Book Review: Bringing Out the Best in People

I’d been hoping to blog about seeing the always interesting David Brooks at Rotman, but unfortunately The Head Cold That Ate Toronto prevented me from attending. Instead, I denned in and reread a book I’d first read in high school, Alan Loy McGinnis’s Bringing Out the Best in People. The title tends to fall into the “self-help” category in bookstores, which is a mistake because this is a terrific little book about leadership and motivation. Although McGinnis is a family therapist, he often speaks to corporations and draws many of his examples from the business world.

McGinnis believes that “in almost every arena there is a vacuum waiting to be filled by some person who can impart vision and steer people’s energies into the best endeavours.” McGinnis runs through a variety of practical motivation how-tos, outlining 12 basic rules for bringing out the best in people:

  1. Expect the best from people you lead
  2. Make a thorough study of the other person’s needs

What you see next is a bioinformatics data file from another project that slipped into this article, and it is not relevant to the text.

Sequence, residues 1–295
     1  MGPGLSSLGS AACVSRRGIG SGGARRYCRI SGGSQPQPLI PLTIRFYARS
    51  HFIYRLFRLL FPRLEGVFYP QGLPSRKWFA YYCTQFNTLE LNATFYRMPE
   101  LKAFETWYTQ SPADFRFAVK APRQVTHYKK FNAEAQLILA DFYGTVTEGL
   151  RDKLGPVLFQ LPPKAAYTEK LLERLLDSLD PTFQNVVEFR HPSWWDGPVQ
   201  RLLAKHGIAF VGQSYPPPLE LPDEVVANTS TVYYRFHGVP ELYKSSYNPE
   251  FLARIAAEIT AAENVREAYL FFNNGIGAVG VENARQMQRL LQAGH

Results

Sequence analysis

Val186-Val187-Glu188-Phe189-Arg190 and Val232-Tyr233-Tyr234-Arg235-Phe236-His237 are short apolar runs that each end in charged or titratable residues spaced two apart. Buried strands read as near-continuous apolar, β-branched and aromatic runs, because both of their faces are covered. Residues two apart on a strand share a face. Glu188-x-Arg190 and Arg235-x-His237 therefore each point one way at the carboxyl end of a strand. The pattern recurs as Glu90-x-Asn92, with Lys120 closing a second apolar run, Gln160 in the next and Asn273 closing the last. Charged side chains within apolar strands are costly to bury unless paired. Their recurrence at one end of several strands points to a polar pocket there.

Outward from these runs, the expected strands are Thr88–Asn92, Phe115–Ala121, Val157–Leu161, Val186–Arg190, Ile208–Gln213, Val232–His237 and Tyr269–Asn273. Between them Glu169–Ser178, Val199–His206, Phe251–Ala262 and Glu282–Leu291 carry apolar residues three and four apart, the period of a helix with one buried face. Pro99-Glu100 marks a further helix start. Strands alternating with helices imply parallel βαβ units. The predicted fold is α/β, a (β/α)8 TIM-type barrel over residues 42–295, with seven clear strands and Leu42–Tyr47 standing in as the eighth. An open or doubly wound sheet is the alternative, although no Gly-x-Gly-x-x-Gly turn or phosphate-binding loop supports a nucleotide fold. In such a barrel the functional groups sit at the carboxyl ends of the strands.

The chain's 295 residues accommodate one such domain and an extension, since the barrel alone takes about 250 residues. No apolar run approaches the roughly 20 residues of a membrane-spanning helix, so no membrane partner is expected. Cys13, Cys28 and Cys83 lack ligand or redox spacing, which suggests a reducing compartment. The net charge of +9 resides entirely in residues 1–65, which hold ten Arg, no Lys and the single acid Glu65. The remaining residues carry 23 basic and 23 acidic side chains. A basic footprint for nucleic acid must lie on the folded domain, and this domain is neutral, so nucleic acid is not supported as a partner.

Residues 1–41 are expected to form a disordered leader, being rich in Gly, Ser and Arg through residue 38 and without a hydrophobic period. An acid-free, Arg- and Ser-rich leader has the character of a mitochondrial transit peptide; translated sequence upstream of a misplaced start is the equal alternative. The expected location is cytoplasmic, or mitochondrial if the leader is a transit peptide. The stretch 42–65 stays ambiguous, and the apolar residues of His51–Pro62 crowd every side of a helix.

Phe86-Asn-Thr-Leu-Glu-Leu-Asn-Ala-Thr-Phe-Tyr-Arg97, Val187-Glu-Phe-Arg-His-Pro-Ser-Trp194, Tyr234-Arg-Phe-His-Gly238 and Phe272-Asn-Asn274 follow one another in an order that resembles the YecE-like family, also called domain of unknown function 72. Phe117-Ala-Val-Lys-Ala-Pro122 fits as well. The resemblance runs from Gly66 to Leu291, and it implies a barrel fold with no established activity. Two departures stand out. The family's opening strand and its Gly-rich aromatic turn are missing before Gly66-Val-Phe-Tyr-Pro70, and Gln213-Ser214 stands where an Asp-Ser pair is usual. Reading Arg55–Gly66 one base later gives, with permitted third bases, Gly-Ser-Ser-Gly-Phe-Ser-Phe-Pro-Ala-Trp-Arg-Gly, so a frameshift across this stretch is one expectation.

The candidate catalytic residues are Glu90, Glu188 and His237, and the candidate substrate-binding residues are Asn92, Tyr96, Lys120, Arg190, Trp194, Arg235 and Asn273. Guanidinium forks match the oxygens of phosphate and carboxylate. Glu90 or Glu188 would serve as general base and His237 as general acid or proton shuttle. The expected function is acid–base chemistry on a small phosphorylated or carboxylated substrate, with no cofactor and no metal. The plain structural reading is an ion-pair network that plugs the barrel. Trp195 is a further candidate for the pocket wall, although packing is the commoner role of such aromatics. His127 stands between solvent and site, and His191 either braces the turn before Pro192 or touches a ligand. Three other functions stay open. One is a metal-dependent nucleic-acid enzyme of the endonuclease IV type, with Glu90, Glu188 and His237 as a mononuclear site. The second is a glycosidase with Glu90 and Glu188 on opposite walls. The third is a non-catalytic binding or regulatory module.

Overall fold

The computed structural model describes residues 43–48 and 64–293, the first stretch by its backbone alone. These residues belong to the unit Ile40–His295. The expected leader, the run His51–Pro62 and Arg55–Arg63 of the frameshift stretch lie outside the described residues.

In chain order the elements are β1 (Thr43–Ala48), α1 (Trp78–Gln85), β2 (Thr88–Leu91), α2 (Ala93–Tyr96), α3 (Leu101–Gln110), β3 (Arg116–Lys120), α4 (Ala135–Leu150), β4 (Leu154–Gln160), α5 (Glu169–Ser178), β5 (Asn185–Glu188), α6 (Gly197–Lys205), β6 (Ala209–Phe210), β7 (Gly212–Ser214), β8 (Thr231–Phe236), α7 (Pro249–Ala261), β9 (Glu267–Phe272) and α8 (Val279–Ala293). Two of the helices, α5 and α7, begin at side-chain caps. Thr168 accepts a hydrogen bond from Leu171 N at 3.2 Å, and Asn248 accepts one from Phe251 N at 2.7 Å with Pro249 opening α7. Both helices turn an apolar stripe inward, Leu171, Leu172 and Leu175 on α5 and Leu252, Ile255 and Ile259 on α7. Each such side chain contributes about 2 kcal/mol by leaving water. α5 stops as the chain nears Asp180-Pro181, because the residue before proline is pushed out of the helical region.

3. Establish high standards for excellence
  4. Create an environment where failure is not fatal
  5. If they are going anywhere near where you want to go, climb on other people’s bandwagons
  6. Employ models to encourage success
  7. Recognize and applaud achievement
  8. Employ a mixture of positive and negative reinforcement
  9. Appeal sparingly to the competitive urge
  10. Place a premium on collaboration
  11. Build into the group an allowance for storms
  12. Take steps to keep your own motivation high
One of my favourite quotes within the book is from newscaster Dan Rather, who defines a good motivator as someone “who believes in you, who tugs and pushes and leads you onto the next plateau, sometimes poking you with a sharp stick called truth.” Being a good leader/teacher/manager/coach means encouraging and supporting people as they grow, while still requiring them to produce excellent results. This is not always an easy balance to maintain and McGinnis offers practical suggestions that can be used in the workplace.
McGinnis has studied psychology, history, and  managerial theory to discover how great leaders have brought out the best in their people. The book is written from a Christian perspective but is in no way heavy-handed in its message. McGinnis espouses a general values-based approach to motivating people that can be found in many secular texts. Whether you are new to a leadership role or simply like to refresh your thinking from time to time, this is helpful book for anyone looking to bring out the best in others.

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